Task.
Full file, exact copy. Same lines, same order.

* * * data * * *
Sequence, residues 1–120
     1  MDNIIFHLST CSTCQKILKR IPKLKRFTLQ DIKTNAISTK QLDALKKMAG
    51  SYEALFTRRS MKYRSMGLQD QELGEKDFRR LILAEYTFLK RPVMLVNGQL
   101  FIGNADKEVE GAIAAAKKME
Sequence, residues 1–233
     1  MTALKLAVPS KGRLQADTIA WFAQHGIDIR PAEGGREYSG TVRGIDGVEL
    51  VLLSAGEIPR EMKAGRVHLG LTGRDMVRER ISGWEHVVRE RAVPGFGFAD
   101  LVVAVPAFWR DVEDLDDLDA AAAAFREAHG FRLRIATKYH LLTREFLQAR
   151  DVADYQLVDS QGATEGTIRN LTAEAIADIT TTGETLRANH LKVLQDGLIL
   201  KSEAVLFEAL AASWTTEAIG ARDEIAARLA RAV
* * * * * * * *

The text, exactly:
Sequence, residues 1–120
     1  MDNIIFHLST CSTCQKILKR IPKLKRFTLQ DIKTNAISTK QLDALKKMAG
    51  SYEALFTRRS MKYRSMGLQD QELGEKDFRR LILAEYTFLK RPVMLVNGQL
   101  FIGNADKEVE GAIAAAKKME
Sequence, residues 1–233
     1  MTALKLAVPS KGRLQADTIA WFAQHGIDIR PAEGGREYSG TVRGIDGVEL
    51  VLLSAGEIPR EMKAGRVHLG LTGRDMVRER ISGWEHVVRE RAVPGFGFAD
   101  LVVAVPAFWR DVEDLDDLDA AAAAFREAHG FRLRIATKYH LLTREFLQAR
   151  DVADYQLVDS QGATEGTIRN LTAEAIADIT TTGETLRANH LKVLQDGLIL
   201  KSEAVLFEAL AASWTTEAIG ARDEIAARLA RAV